Citing ‘unacceptable' COVID-19 case growth, Tennessee doctors urge delay of in-person classes

Posted at 12:44 PM, Jul 22, 2020
and last updated 2020-07-22 23:53:24-04

NASHVILLE, Tenn. (WTVF)  — Tennessee doctors are calling on Gov. Bill Lee to delay the start of in-person classes in counties that don’t meet COVID-19 health guidelines.

In a release Wednesday, physicians with ProtectMyCare said that 79 of Tennessee’s 95 counties are still seeing “unacceptable” case growth of more than 10 new cases per 100,000 residents over the last 14 days.

“Reopening schools while COVID-19 is spreading uncontrolled through our communities needlessly endangers our children, their families and our teachers. We’ve seen what happens when a state rushes to reopen: Tennessee is now experiencing a new peak of this pandemic with entirely avoidable increases in hospitalizations and deaths,” says Dr. Kathleen Hunt, a Chattanooga-area pediatrician.

They also cited a recent report from The American Academy of Pediatrics, which said "science should drive decision-making on safely reopening schools."

Physicians say reopening schools too quickly will cause “avoidable increases in hospitalizations and deaths.” They say the virus can be transmitted in the 2-3 days before symptoms begin and can also be spread by someone who is asymptomatic -- who never develops symptoms at all.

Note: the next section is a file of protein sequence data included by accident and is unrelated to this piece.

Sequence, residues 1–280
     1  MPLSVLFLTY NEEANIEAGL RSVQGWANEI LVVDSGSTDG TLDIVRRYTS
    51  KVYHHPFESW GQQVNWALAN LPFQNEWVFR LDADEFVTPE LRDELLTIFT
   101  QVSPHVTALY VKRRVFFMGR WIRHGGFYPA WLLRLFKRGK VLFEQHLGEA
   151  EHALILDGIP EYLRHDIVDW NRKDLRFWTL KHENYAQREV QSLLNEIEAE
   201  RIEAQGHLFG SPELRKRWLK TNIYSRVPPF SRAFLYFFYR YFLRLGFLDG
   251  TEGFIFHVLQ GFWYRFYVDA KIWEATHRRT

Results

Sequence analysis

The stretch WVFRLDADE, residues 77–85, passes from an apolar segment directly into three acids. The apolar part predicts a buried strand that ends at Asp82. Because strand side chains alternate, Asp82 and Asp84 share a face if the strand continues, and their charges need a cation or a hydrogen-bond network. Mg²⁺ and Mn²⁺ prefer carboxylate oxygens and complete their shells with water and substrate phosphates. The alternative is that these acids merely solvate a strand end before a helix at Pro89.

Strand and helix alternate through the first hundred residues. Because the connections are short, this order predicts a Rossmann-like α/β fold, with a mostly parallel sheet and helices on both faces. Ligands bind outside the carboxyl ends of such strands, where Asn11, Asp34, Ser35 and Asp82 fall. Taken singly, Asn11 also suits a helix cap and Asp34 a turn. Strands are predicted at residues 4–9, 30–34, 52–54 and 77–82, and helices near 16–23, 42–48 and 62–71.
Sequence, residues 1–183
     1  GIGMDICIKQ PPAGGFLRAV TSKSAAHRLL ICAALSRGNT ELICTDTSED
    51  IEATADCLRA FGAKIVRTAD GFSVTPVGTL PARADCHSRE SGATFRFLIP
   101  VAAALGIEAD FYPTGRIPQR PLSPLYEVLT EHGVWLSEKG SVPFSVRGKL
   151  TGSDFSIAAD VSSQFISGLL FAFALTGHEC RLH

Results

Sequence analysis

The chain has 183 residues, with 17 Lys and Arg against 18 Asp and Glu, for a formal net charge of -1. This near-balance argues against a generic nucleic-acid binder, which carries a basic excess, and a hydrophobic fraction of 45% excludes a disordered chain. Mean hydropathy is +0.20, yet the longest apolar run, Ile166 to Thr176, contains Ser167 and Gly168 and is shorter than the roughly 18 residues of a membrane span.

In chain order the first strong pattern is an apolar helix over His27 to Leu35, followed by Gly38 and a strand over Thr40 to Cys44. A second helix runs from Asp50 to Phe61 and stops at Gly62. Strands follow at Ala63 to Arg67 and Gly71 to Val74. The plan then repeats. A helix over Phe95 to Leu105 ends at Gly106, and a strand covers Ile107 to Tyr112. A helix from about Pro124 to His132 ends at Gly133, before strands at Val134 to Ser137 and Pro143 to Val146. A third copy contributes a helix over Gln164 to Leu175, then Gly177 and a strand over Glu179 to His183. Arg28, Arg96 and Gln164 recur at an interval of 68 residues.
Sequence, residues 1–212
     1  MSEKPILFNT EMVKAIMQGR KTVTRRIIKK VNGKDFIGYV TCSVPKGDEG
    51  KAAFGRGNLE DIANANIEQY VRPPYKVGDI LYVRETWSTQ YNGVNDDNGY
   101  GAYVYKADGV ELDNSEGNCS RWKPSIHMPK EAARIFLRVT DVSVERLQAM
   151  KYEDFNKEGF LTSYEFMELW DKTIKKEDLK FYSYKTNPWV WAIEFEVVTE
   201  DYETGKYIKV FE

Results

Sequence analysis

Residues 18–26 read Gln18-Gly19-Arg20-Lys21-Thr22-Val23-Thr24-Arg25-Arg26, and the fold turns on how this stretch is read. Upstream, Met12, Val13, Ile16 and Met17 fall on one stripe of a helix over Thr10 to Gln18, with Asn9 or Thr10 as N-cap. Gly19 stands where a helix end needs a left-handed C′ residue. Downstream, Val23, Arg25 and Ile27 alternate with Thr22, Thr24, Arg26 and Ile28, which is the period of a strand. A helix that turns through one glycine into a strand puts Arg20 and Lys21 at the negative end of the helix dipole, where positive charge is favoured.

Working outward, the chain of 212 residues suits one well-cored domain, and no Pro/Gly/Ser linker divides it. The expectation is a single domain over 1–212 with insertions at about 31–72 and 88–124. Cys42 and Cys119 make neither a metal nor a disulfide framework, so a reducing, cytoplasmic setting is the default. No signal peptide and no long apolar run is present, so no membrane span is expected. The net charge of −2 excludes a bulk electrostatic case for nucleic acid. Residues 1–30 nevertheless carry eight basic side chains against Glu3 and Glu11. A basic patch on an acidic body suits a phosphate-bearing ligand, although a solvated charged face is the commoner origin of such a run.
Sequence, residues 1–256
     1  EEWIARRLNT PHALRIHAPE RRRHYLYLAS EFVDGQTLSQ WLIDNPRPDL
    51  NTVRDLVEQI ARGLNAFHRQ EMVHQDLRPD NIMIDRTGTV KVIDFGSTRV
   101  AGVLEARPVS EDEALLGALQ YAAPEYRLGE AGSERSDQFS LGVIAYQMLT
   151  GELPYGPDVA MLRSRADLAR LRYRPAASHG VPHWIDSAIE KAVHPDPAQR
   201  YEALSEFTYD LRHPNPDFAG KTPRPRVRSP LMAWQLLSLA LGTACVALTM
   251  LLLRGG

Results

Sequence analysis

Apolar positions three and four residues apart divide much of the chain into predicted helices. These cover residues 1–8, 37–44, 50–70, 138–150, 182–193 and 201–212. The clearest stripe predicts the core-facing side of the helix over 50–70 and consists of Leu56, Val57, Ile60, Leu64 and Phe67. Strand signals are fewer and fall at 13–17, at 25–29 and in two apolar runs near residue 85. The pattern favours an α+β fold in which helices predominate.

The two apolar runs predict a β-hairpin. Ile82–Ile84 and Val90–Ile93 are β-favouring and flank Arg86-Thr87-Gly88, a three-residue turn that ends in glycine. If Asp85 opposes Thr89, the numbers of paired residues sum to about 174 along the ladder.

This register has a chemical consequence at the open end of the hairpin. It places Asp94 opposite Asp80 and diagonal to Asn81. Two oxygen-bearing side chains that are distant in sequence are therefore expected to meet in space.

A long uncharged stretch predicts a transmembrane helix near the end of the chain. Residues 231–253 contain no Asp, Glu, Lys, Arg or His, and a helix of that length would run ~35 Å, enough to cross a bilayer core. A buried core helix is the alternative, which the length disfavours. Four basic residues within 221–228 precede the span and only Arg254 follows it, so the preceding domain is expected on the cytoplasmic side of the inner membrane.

Governor Bill Lee has shunned what he calls a one-size-fits-all approach to schools reopening, instead letting individual school boards make the call.

But Dr. Amy Gordon Bono, who is part of ProtectMyCar, says most counties are in fact looking at the same problem, COVID-19 case levels high enough to close nursing homes to visitors.

"We are no longer individual counties in this situation, we are more uniform now than we ever have been," Bono said. "So now is the time for us to come together and come up with a cohesive, comprehensive game plan."

Bono says she understands delaying in-person school would put more parents in a bind, some having to choose between going to work and staying home with their kids as they learn online.

"I find that same crisis in my own home," Bono said. "Sadly, I have to take a step back and realize, without your health, you can’t go to work. Without your health, you can’t serve your economy."

Doctors say five guidelines must be met in order to safely open schools and urged Gov. Bill Lee and school officials to implement them.

  1. Report less than 10 new cases per 100,000 persons per day for at least 14 days in a row.
  2. Tennessee must catch up on backlogged contact tracing and issue regular reports to inform school reopening.
  3. Conduct rapid and regular testing.
  4. Require masks and social distancing.
  5. Hold employers and people who endanger others accountable.

ProtectMyCare is a group of more than 2,000 physicians who previously urged Gov. Bill Lee to issue a stay-at-home order. The group continues to urge Lee to issue a statewide mask mandate and to let science guide policy with regard to the virus.

Metro Nashville Public Schools announced earlier this month that students would begin the school year remotely, while other districts have announced traditional or virtual options.

Read more: A breakdown of how school districts are returning to the classroom